Precast Concrete Components in Construction
18 February, 2018
Precast Concrete Components
Precast concrete is concrete that has been made in a mould under controlled conditions in a factory environment. There can be many types of precast components in a building. Precast panels and other units are prestressed to improve strength and performance and sealed before installation. Precast concrete can be used for floors, exterior and interior walls, concrete frameworks, staircases, wall cladding, plus a host of other construction uses.
With precast concrete you can use the mould as many identical panels as you require. The process is quick, the factory setting facilitates the setting up of good quality control arrangements which result in a high-class product each time. However, as the process only requires semi-skilled operators, labour costs are kept down. Furthermore, construction isn’t dependent on the weather. The precast concrete can be easily manoeuvered and transported to the site by lorry when the construction is ready for them. Once on site, they can be incorporated into the building quickly. In addition to prestressing, steel can be incorporated into each unit to provide additional strength.
Concrete Prefab Manoeuvering
Elements of Precast Concrete Building
Precast panels can be moulded for a variety of functions, which is why you can find all types of precast components in buildings of all types, including industrial units, superstructures such as bridges and flyovers, hospitals and residential homes.
Formwork is the name for the mould which provides the method used to create the precast concrete. The concrete is poured in and is supported by the formwork until it is strong enough to stand alone. Each unit can be manufactured to meet the architect’s requirements and can incorporate different joining and fixing solutions.
The type of building being constructed will determine the precast concrete requirements. Industrial buildings use precast columns and long beams, whereas domestic housing incorporates precast floors, which can be flat or ribbed, and walls.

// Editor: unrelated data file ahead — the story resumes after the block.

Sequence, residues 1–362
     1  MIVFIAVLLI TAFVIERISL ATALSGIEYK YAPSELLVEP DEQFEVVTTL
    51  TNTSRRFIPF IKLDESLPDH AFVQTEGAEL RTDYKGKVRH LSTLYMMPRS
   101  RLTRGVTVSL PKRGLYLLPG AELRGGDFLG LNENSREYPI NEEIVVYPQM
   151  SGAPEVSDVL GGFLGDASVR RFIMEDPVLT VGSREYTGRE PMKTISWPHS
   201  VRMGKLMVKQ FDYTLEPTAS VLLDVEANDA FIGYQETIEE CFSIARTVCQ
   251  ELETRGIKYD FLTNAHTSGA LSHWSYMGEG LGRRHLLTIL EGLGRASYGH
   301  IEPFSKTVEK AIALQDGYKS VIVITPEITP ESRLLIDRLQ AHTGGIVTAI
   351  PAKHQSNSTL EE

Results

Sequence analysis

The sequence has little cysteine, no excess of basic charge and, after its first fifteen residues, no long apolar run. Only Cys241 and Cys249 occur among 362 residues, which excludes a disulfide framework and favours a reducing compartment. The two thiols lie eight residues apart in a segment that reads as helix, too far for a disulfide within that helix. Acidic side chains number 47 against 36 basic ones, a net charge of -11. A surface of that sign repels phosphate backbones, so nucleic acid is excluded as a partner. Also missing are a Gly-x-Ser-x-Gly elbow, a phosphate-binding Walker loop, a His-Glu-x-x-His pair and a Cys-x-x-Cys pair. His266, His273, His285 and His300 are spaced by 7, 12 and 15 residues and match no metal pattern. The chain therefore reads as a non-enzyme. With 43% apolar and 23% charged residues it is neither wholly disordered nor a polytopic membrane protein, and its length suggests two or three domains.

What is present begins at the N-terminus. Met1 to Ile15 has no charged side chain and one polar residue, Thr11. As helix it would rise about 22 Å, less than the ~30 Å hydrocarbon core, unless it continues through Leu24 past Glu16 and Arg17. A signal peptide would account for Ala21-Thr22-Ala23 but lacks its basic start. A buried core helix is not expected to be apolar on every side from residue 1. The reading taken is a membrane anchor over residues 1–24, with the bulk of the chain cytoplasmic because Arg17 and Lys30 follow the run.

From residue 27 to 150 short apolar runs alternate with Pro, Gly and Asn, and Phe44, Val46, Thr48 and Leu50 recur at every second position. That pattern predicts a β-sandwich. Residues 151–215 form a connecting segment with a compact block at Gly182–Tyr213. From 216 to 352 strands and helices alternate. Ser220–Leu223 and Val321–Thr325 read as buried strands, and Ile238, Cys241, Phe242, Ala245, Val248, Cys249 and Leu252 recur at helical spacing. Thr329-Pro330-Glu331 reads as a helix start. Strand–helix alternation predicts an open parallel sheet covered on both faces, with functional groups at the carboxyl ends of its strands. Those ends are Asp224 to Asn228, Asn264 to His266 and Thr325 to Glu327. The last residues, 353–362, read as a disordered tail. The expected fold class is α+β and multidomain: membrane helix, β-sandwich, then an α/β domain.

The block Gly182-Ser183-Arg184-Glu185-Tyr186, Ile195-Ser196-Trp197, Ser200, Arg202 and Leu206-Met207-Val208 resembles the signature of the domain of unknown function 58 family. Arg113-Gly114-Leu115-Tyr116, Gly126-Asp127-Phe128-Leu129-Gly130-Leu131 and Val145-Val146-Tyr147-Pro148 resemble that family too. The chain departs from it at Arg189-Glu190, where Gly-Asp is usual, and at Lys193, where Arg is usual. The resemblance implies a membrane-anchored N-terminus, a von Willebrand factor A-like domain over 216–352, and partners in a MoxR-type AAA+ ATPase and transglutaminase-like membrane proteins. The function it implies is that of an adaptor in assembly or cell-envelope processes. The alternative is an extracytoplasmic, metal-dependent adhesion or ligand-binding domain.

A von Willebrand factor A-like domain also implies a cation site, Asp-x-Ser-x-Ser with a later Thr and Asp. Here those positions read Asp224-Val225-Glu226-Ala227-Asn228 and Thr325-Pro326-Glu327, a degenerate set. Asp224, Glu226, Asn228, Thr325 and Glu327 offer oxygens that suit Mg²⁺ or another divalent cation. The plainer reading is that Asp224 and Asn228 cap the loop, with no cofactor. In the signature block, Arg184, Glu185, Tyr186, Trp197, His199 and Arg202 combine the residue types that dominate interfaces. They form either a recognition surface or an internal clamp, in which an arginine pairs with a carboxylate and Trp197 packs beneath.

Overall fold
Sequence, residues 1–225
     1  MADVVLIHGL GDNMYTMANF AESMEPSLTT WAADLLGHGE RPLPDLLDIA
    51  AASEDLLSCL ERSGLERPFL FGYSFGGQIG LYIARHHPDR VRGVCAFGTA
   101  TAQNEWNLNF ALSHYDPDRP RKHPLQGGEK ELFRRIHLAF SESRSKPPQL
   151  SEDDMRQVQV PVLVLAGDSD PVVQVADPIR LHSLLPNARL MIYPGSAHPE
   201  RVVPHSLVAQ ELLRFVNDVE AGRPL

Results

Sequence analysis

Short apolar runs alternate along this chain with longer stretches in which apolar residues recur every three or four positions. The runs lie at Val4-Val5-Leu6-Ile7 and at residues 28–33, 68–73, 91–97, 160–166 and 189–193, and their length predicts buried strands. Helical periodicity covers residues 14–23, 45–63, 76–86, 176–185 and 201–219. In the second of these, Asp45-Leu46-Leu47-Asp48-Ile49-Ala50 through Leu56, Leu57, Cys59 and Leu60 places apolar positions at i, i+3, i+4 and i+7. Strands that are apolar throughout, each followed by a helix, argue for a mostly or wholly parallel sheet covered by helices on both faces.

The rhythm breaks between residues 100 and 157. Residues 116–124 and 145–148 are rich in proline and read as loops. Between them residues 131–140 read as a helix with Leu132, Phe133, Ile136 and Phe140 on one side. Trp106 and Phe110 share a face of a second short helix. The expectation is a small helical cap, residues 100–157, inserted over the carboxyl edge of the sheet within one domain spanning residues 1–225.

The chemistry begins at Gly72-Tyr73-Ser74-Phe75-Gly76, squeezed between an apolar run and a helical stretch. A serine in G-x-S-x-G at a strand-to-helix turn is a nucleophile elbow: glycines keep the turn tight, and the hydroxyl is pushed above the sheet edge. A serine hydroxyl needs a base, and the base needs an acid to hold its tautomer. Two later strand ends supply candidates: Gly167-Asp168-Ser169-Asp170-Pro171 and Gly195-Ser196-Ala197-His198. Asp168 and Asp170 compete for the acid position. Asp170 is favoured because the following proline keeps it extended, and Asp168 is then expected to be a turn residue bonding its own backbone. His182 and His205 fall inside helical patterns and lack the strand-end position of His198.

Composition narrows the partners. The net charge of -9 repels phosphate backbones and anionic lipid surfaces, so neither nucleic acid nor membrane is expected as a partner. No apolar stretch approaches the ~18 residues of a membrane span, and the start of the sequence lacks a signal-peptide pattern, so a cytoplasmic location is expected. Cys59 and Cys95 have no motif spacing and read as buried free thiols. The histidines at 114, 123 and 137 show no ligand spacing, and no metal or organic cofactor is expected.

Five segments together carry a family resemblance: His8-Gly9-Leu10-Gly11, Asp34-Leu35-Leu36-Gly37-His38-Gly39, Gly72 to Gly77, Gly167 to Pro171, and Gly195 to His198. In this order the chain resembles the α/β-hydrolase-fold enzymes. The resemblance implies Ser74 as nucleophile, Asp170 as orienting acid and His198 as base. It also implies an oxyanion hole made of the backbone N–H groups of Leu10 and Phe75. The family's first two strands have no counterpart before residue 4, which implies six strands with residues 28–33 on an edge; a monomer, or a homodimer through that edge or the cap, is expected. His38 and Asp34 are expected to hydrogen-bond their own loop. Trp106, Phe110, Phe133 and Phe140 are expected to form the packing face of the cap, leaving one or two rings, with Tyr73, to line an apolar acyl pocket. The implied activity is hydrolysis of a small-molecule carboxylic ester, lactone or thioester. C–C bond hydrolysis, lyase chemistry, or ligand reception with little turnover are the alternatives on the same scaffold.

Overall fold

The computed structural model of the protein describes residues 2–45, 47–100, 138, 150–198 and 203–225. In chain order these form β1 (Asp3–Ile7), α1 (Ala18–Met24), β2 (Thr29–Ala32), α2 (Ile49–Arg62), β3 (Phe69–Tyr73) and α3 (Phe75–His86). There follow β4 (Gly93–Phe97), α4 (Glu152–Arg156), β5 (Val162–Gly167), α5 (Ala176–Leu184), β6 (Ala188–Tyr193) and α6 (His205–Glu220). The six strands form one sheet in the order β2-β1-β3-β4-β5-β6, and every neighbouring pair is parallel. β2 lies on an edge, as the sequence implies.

· Precast Footings
Precast footings are foundations that are easy to install and use as soon as they arrive on site. They are extremely strong and provide a stable and level base from which to build. The installation of precast footings isn’t weather dependant and there is no mixing or other on-site preparation required.
Precast concrete beams are an integral feature of many buildings today. They are particularly suited to floor construction in houses, flats and commercial buildings and provide a low-cost flooring solution. Edge and spandrel beams which have a sill, go around the edge of the construction adding strength and with the sill providing the base from which floor slating can start. Spine beams are like spandrel beams but have two sills. Suspended beam and block floor systems utilising precast concrete minimise excavation requirements. Precast concrete lintel beams can be used over doors and frames generally and T beams are often incorporated into building design.
Manoeuvering of these beams though sometimes is not easy. However, thanks to the automatic lifting clamps this process can be handled more effectively and above all, much safer.
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With both strength and flexibility, precast concrete columns add strength and flexibility and increase the life of any building. Columns can be made to the architect’s design and incorporate any special features or fittings. These columns can be erected as much as five times faster than in-situ methods of concrete production, so are labour saving. A high-quality finish can be achieved and furthermore they can be erected at night, even in residential areas, because there is none of the noise associated with making concrete on site.
· Shear Walls
Precast concrete wall panels can be used for both exterior and interior surfaces. They provide strength and lateral stability and when assembled can form a shear wall. Using walls panels and building them up is the most common method used and enables lateral-force resistance to be determined. They have been used in building projects as high as 30 stories but are more commonly seen in lower level constructions. The panels fit together easily, and the design can incorporate fixing mechanisms, such as steel edging plates that can be welded together for added strength. Examples of sheer precast concrete wall building includes elevator shafts.
· Partition Walls
Partition walls made from precast concrete can be lifted into position or the panels cemented together on site to provide a wall to ceiling partition wall solution. This type of assembly can be as much as six times quicker than alternative brick work. Panels are particularly suited to sound insulation, so are suitable for use in hotels, kitchens, hospitals, schools and apartments anywhere a degree of privacy is required, or noise from machinery needs to be deadened.
They also act as excellent fire retardants and the thicker the panels the greater the level of protection offered. Precast concrete panels also have good resistance to moisture so are suitable for use in wet rooms, bathrooms and kitchens. With most partition wall solutions, no plastering is required as the surface is already finished. Panels are strong enough to hang fittings from and the interiors can include ducts for wiring.